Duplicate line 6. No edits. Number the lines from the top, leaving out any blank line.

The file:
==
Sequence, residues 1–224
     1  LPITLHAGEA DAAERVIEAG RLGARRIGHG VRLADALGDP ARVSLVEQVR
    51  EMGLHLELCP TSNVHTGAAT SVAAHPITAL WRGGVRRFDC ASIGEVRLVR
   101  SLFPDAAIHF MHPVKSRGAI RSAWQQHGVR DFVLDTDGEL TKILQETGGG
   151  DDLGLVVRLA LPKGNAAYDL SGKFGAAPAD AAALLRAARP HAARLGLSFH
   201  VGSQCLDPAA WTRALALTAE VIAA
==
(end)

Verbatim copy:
   201  VGSQCLDPAA WTRALALTAE VIAA